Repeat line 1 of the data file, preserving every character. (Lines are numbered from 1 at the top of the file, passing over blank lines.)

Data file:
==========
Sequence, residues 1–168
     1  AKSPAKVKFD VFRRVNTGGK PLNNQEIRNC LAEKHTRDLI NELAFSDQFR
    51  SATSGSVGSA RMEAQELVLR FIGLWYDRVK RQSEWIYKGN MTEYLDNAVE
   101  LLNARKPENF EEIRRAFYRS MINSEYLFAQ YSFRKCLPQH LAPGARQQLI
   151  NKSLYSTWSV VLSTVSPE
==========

Sequence, residues 1–168